• The way I2C works is that the microcontroller pulls the signal low, but if it is not pulling the signal low than the on board pull up resistor will pull it high. Different resistor values are often required for different speeds. Also keep in mind that when the microcontroller is pulling the signal to ground, VCC will be tied to this pin through the pullup resistor. You don’t want the value too low and have too much power flowing through here. When you connect multiple boards will pullup resistors each of those resistors will be connected to the signal on one end and VCC on the other. This means all your resistors are in parallel. So if you had 4x 10k resistors your effective resistance is now 2.5k. Will this still work? Maybe, maybe not, it depends on the IC, the required timing etc. You definitely only need one pull-up resistor per line, in fact that is ideal. But sometimes things will still work fine if you have multiples. Also, make sure your VCCs are the same across all boards since are connecting them together.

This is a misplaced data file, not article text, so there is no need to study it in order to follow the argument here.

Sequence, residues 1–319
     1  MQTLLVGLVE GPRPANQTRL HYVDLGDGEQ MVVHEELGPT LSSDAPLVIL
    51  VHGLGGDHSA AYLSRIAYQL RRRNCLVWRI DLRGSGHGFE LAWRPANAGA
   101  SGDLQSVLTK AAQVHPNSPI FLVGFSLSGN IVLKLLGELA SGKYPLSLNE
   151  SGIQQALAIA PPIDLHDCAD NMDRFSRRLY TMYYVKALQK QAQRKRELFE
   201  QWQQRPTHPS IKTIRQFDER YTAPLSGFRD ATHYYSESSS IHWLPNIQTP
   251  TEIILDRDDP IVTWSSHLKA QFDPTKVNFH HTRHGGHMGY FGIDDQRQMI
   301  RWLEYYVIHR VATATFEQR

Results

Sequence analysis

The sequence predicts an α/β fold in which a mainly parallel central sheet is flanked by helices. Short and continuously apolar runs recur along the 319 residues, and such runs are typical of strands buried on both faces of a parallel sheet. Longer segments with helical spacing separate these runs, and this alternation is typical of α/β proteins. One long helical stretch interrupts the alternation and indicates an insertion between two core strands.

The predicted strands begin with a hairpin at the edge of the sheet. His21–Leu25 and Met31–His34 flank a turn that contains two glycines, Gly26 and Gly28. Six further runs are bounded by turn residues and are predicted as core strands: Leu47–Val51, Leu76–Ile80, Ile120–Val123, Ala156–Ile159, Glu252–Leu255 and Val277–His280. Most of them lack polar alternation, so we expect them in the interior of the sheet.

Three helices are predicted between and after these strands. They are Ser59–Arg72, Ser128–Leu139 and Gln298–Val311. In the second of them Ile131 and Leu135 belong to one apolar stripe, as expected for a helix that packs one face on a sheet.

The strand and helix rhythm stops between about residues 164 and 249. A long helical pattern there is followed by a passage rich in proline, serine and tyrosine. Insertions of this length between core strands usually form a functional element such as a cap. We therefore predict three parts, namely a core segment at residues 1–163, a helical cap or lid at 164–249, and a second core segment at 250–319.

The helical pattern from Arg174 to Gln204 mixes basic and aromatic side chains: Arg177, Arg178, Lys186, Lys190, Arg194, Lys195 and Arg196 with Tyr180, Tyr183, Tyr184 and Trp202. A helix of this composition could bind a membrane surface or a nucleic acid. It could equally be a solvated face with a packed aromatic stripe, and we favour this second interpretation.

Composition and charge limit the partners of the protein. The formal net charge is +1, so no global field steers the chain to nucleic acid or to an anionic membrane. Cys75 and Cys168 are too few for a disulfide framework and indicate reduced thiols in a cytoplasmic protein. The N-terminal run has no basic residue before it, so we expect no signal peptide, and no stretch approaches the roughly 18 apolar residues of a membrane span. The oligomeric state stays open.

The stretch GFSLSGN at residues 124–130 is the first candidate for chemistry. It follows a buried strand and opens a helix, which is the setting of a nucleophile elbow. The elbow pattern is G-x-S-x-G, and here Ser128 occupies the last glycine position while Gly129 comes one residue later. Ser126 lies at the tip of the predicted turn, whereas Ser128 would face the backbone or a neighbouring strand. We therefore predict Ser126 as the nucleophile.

• Ooo, this may be exactly what I’ve been looking for for controlling my galvanometer laser scanner with my Arduino. I may have to pick up a pair at some point.

  • I am having an issue with my 12 bit DAC. I believe I hooked it up correctly to my ATMega2560, but I cant seem to get the expected voltage when using the Wire.write() command.

    Details of my issue are [here[( Can someone help me?

  • Anyone has an Arduino code sample for this I2C DAC device? Thanks, Erez

  • Could I use this for Audio? I want to drive it from my Due using some DDS routines I’ve worked out. (yes, I know the Due has DAC pins, but they are sensitive and I don’t want to risk blowing them out, hence an external board). I plan on sampling at 48khz so I’m fairly certain there aren’t any bandwidth issues on the I2C bus. I’m just concerned about response and whether it will work for a simple audio solution (not audiophile status at all).

  • jstaff0 / last year / 1

    Is it possible to use this device in reverse, to convert an analog input to an I2C signal?

  • OK. Total newb question. Can someone help me figure out how to address more than one of these things from arduino? I get that I need to cut the pullup traces on all but one of the boards, but wouldn’t they then still all have the same address?